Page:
Monday, July 15, 2024
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The words we use

Business coach Paul Kearley

“So difficult it is to show the various meanings and imperfections of words when we have nothing else but words to do it with.”

–John Locke

Sitting around the kitchen table, we were discussing ideas when I used the word “superfluous” to explain something. Lauren, 16, looked at me with a serious expression and asked what it meant.

“Excessive,” I replied.

“No, it doesn’t,” Alex, 18, interjected. “It means ‘not necessary.’”

“I don’t think so,” I said.

“Yes, it does,” he persisted.

Judy, knowing how stubborn Alex and I can be when it comes to being right, got out the dictionary.

“Superfluous: 1. Being more than is needed or wanted; excessive,” she read. “See,” I said, “I told you that.” I was ready to gloat when Judy continued, “Hold on, there’s more. Superfluous: 2. Not needed; unnecessary.” Alex declared, “I was right!”

We both looked at each other and chuckled. Usually, when we sparred, there was always an absolute: one right and the other… well, you get the picture. Often, I felt like I had to celebrate every victory, no matter how small, because the older he got, the better he became. Like me, he really hated losing. We had both developed inflated egos. Most of our sparring was in fun, but we did have our moments of stubbornness that defied logic or rational behaviour.

Anyway, back to “superfluous.” After the verdict of “You were both right” was read, Lauren, in her wonderfully innocent way, asked, “I don’t understand. How can one word have two completely different meanings? How are people supposed to communicate when words have so many different meanings? Why can’t we just say what we mean instead of using words that confuse people and make them mad?”

Ah, out of the mouths of babes come the most thought-provoking questions.

I thought about that question for a few days. Why DO people use the words they do? Better yet, why do people say one thing and do something completely different? The simple, sometimes often answer is: lack of commitment. Many people don’t like to “box” themselves in by committing to something that could change soon, so they use non-committal words to give themselves an “off-ramp.”

For example, “I’ll try to get that done by Thursday” is so much easier to say, for some people than, “I’ll have that report on your desk by Thursday morning.”

For the past 30+ years, I have been coaching people to achieve higher levels of success. Each time I coach people through the process of writing and committing to a vision, we spend the most time on which words to use to effectively declare who we will be and what we will create. It’s common for people to use wishy-washy words to describe what they want. Words like “try”, “wish,” “hope,” or “would like” don’t clearly state our intentions. They are not specific enough to create a clear picture in our minds of what we want to do. The freedom to think big and bold has been suppressed in many people due to certain events in their history. Maybe they thought big once, got excited, and mentioned it to someone else.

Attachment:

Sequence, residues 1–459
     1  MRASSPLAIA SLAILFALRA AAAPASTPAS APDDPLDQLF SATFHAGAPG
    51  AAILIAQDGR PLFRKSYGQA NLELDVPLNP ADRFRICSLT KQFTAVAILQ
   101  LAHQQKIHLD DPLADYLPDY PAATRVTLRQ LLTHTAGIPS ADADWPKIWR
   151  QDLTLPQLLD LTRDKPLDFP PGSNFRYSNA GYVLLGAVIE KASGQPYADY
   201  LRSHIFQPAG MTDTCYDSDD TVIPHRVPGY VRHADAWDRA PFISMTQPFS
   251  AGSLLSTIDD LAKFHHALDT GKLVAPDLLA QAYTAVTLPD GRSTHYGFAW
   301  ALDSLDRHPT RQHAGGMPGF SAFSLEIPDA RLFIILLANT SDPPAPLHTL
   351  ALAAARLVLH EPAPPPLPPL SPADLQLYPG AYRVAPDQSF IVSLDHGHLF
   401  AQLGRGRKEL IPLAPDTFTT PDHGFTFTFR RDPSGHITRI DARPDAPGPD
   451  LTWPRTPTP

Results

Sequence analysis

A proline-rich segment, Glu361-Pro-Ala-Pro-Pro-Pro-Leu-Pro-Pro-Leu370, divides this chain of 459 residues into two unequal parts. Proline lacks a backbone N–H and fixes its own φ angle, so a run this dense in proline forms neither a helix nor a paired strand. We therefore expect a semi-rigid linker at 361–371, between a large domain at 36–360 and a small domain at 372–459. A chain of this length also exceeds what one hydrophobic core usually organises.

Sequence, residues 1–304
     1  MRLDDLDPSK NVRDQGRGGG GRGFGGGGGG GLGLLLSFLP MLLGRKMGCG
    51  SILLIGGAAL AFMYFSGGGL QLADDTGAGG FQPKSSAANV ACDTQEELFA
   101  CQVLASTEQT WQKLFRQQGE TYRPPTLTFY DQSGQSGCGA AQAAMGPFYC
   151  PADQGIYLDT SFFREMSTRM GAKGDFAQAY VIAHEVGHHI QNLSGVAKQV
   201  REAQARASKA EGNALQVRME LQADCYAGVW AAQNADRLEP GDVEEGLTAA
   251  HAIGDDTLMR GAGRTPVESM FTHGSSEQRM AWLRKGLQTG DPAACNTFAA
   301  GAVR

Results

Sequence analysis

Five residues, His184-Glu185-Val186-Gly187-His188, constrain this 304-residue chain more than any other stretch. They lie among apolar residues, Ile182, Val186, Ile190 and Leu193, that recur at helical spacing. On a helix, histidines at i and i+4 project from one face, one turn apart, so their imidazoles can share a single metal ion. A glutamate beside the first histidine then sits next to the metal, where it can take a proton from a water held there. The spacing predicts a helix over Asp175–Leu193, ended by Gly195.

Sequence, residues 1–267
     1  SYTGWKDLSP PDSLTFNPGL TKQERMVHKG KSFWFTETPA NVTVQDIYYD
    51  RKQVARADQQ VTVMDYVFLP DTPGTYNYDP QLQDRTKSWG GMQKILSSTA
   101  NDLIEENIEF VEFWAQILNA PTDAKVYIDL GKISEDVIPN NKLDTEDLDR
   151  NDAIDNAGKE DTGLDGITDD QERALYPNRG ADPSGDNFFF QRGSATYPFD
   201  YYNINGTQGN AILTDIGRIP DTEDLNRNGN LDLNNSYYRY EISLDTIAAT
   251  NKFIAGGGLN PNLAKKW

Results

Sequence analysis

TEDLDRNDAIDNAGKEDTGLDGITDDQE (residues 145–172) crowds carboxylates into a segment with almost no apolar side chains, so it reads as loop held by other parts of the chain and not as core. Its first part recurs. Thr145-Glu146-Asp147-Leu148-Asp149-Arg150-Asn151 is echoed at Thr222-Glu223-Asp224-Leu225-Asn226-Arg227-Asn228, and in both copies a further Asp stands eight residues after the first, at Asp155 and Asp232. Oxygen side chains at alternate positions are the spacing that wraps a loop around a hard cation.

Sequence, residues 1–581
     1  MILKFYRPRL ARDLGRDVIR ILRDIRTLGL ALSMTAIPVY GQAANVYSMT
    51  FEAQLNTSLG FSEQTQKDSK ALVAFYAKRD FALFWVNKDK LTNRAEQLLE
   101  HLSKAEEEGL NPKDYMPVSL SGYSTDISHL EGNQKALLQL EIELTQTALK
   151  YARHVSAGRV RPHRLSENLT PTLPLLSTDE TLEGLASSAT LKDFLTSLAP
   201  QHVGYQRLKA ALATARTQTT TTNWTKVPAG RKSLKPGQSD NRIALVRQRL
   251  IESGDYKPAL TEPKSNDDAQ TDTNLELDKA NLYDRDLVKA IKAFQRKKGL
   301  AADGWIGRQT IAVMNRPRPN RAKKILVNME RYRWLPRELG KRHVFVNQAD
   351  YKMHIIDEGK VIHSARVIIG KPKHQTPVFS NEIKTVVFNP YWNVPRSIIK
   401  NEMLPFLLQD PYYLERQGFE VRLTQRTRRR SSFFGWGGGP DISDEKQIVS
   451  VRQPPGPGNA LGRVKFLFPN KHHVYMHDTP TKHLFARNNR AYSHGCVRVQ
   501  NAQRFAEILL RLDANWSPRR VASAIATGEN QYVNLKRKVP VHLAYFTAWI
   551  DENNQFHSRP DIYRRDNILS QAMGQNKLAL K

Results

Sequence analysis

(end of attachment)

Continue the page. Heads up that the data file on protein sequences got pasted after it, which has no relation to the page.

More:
And here lies the problem: they told it to the wrong person.

It’s great to have a vision with powerful words and positive images, but unless we share it with the right people, we may lose our energy towards achieving the goal. Some people love nothing more than shooting down someone’s vision because they can’t see themselves doing it. If we are not completely committed to our vision, we’ll let this speed bump derail us, and we won’t proceed.

The first crucial step in writing a vision is to carefully choose the right words to describe what you want to create. Dare to be bold! Let your words clearly describe what you want others to see in you and what you want to see in yourself. Remember, it’s your vision, not anybody else’s.

Do you want to become a successful investor? Then ask yourself, what does a successful investor look and act like, and use the most powerful words to describe what you will look like when you have and apply those attributes. Do you want to be successful in growing a multi-level marketing business? Yes? Then write a vision that describes who you will become and how you will do it, even if everyone you pitch an idea to says, “no, sorry, I don’t believe in MLM.”

Remember to factor in that it’s a numbers game and that you won’t give up, no matter what. Whatever your vision is, it has to be something you are completely committed to. If you can’t be, then don’t write it. Writing visions that we are not committed to and then failing teaches us to fail and reinforces a negative belief.

The most powerful “word” we can use when following through on our visions is not really a word, but a form of communication: “action.” Without action, no matter how beautiful and bold your vision is, it won’t happen. You’ve probably heard the quote, “Action speaks louder than words.” In vision writing, action is paramount.

Writing a vision is not a simple process; it requires thinking outside your current reality bubble. When you sit down to put it on paper, remember these simple rules for vision writing, and you’ll be able to write something that is not “superfluous” and that you can really commit to:

Use powerful language.

Use positive images.

Write it as if it is happening in the present tense.

Add timelines and accountabilities.

Create a plan for putting it into action.

Make this your best year ever.